Question

What would be the best cost to value option for insulating my mid 1940's cottage?

Asked by Kevin Brown
Fayetteville, WV

I have a 1947 Vernacular 1 1/2 story cottage that has no attic insulation. The house only has 2x4 rafters, which also serve as upstairs kneewalls. The house has bowing sheathing with numerous stove pipe holes and will need to be re-roofed in the near future. In keeping with the traditional look of the house, I would like to stay with 3-tab shingle roofing. Since this is an ecological sensitive neighborhood (in the mid-atlantic) resource allocation (labor and materials- new and used) is important. 

Answer

Sean Lintow Sr

Answered by Sean Lintow Sr

Naperville, IL

SLS Construction & Building Solutions

January 2, 2013

There are two standard ways of insulating your attic, both with their own pros and cons.

  • But it isn't possible for anyone answering your question to say this is the way to go sight unseen -- without knowing what you consider ecologically or economically feasible.
  • Just like two houses aren't the same, the same goes for suggestions based on the homeowner's needs and wants.

With that said, no matter which option you go with it is important that you air-seal all the penetrations between the floors & walls, to not only prevent air and moisture movement but fire.

Hot roof

Generally the highest performing system with the fewest ways something can go wrong is called a hot roof system where closed cell foam is sprayed against the roof sheathing or foam is applied above the sheathing.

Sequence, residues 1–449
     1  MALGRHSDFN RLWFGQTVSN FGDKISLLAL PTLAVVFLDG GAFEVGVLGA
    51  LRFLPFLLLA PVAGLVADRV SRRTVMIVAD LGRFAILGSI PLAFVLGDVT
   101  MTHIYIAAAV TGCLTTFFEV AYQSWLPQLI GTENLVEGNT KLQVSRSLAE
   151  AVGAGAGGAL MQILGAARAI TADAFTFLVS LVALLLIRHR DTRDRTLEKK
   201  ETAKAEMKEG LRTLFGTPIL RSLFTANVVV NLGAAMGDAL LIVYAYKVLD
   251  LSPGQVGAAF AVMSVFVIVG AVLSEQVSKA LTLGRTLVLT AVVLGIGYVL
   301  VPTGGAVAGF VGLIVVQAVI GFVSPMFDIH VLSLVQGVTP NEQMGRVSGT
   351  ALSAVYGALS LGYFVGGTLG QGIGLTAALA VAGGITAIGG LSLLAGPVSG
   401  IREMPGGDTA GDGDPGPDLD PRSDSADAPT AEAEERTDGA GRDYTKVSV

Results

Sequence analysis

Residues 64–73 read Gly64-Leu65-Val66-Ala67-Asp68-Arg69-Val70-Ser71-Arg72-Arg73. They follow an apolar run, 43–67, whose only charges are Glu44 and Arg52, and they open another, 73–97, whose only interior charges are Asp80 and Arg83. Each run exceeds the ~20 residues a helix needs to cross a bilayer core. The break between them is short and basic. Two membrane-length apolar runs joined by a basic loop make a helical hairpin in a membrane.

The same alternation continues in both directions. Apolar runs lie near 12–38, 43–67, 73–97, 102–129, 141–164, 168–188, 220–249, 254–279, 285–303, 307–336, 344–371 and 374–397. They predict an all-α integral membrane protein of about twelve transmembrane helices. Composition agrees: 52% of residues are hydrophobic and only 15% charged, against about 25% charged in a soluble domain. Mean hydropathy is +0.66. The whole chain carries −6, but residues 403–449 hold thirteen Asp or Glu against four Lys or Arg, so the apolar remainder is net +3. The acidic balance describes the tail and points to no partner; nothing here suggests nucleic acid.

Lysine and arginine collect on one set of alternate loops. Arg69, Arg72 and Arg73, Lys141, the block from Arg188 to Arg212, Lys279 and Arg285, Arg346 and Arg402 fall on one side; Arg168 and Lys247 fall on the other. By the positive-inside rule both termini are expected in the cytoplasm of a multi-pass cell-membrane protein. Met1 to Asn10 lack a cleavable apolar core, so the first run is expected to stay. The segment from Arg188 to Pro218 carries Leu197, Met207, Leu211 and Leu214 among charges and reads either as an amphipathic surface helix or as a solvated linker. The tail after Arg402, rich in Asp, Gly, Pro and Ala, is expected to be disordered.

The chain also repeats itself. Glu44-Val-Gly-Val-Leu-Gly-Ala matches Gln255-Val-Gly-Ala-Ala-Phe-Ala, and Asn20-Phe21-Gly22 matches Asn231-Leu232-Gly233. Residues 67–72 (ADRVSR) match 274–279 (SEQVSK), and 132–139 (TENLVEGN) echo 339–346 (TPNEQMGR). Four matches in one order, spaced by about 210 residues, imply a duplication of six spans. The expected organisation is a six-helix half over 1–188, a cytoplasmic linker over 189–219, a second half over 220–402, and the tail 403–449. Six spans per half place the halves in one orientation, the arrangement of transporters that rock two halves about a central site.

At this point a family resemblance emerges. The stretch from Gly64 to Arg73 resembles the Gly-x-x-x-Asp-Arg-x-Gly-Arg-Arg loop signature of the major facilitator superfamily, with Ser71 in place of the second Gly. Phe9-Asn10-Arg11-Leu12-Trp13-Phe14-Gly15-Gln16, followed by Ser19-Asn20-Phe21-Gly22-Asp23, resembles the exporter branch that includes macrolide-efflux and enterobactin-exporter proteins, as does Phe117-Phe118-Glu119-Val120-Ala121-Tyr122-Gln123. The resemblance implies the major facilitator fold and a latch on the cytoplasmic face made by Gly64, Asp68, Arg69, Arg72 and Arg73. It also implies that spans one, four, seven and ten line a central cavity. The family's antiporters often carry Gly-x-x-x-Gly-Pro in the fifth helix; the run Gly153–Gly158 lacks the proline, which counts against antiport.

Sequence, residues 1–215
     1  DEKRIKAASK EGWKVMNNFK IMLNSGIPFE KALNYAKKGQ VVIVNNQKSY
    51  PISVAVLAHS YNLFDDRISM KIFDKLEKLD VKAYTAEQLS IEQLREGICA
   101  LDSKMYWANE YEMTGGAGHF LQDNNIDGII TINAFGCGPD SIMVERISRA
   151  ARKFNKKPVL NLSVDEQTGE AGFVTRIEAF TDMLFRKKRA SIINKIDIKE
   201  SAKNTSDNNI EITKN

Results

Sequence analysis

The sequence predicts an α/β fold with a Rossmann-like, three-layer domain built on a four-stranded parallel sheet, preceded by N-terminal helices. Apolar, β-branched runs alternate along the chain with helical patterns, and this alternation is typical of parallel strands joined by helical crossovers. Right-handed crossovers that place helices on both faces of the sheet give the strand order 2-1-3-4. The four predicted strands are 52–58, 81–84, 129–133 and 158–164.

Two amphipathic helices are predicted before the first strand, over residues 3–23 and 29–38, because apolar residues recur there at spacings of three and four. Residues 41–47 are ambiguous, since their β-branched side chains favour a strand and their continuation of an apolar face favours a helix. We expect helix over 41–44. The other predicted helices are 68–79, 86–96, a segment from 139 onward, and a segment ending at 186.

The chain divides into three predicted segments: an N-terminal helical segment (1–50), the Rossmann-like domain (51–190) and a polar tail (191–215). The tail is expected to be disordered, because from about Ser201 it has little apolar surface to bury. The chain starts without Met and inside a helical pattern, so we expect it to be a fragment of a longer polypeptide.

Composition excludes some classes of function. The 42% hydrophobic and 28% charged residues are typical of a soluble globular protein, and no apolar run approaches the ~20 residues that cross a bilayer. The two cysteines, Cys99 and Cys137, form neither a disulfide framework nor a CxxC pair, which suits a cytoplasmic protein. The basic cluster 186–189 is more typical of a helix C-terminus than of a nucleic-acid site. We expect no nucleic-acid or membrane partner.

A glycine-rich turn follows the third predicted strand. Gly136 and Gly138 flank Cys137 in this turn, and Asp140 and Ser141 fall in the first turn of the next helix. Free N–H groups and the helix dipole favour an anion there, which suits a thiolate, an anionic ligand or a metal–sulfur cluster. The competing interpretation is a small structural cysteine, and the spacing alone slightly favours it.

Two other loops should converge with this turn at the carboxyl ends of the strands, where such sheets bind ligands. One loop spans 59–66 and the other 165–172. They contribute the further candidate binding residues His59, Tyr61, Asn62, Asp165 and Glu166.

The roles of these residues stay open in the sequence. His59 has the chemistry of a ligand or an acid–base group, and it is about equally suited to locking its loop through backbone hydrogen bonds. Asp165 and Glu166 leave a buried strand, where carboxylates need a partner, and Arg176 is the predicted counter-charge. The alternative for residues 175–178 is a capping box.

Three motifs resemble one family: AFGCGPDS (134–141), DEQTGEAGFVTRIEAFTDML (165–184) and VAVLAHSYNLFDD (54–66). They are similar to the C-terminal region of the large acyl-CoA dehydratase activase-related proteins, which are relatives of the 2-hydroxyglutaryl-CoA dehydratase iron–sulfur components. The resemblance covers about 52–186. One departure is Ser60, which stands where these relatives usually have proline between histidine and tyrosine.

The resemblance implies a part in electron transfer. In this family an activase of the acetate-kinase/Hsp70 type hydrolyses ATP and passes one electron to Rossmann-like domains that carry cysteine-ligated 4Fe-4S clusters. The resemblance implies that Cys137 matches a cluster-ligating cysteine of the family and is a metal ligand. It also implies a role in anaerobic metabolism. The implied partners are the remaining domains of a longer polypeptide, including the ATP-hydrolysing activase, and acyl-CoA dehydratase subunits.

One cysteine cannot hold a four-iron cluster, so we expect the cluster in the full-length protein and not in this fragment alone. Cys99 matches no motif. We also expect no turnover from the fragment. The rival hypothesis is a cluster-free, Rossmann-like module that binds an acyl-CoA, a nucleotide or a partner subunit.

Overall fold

• The only issue I see in your case is the multiple stove penetrations, which eliminates the use of foams in those areas.
  • As you also currently have issues with your existing sheathing and might have some access issues the foam above method might be the best when you go to redo the roof.

Insulating attic floors and knee walls

The second method is the most popular and that is insulating the attic floors & knee walls while relying on passive ventilation to help eliminate any heat or moisture that manages to get into the attic area.

  • For the floor areas and the walls I would generally recommend a dense packed / sprayed in cellulose coupled with a layer of foam-board applied to the knee-wall areas.
  • In the areas closest to the outside it is important that you add baffles to allow air to move & heat to dissipate.

One other item to consider is going with a "cool roof" shingle which will help reduce how much radiant heat your roof gains, thus keeping the inside cooler.

 

For more information:

Read "What is the safest and most effective insulation for our attic crawl space?" a Q&A answered by Ian MacLeod.

Also, check these related blog posts on Sean's blog: here, here, and here.

Tagged In: attic insulation

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